“I know who I am without anyone there to tell me.”
I read somewhere that The Velveteen Rabbit was one of Bardugo’s influences in writing this story. I haven’t read that yet, so I only recognized hints of The Nutcracker and Pinocchio. From the start, I can tell this wasn’t going to be a feel-good tale with a satisfying ending. It seems as if that’s a running theme with these stories.
The are many flawed and unlikable characters in The Soldier Prince, who all want their own desires and wants fulfilled. Things don’t go so well for them, and they all have to deal with it, but that only makes them more human. The ending though, is like a frustrating B-horror movie ending, where the once-defeated evil entity is still lurking in the corner, biding its time to wreak havoc again. The evil survives.
It is not one of my favorites, but I give it points for being unpredictable, and daring to include sexual diversity.
When Water Sang Fire
“Magic doesn’t require beauty,” she said. “Easy magic is pretty. Great magic asks that you trouble the waters. It requires a disruption, something new.”
This, for me, is the crown jewel of this collection, the pièce de résistance. When Water Sang Fire is written more like an origin story of Ursula in The Little Mermaid, than a rehash of The Little Mermaid story.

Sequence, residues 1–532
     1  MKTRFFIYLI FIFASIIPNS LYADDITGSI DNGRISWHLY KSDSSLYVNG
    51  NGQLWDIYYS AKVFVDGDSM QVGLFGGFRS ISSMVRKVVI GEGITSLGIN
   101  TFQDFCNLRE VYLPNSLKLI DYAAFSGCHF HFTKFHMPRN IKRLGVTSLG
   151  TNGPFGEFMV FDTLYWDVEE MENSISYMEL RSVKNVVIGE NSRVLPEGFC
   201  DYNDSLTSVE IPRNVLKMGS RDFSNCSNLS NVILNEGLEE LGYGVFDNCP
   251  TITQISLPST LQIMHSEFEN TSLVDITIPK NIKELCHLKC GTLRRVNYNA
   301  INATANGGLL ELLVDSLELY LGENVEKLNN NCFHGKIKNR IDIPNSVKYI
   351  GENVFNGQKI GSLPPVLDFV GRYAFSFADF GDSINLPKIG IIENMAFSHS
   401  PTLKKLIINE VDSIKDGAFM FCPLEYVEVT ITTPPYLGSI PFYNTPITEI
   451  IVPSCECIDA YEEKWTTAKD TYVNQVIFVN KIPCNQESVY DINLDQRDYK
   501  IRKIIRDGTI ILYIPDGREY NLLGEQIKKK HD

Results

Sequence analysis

This is the piece that Bardugo has invested the most on character-building and world-building, and it paid off. It is also the longest, most emotionally-charged story in the collection.
Never did I imagine that I would be sympathetic to a character that has been originally written as a ruthless villain. You might think she’s all “Hell hath no fury like a woman scorned,” but it’s more than that. Her very dignity has been trampled on, and sometimes when you’re at your lowest, the more desperate you get to do anything to survive.
When Water Sang Fire explores the goodness and possibilities that come from a selfless, loving heart, and also its flip side–the darkness that consumes and destroys when love has been betrayed and bartered for something less. Until then when revenge has been wrought, would your heart decompress and you can breathe easy again. This is a story that will take you through turbulent waters. I still find myself wondering what Ulla could be up to after this tale ended. It seems like she will live on after every one else has been forgotten.
It is in peeling away the layers and revealing the inner workings of female characters that Bardugo shines. In showing women who are complex, mercurial, and courageous under terrible circumstances, she has spoken truth. That women brave enough to stir the pot and forge their own fates will be rewarded, in due time, not exactly with what it is they want, but what they need in order to thrive.
The tales in The Language of Thorns are not paltry re-tellings of well-known fairy tales. Nor are they for those looking to be satisfied with a safe “all is well” ending. They are original tales with their own powerful force and seductive voice. They will take you through the heart of the dark, forbidden woods where you will have to fend for yourself and emerge a changeling. These stories will stay with me for years to come. And this book is a treasure in my library.
Thank you, Leigh Bardugo. I hope when my time comes, I can stir the pot.
Title: The Language of Thorns
Author: Leigh Bardugo
Publisher: Imprint (2017)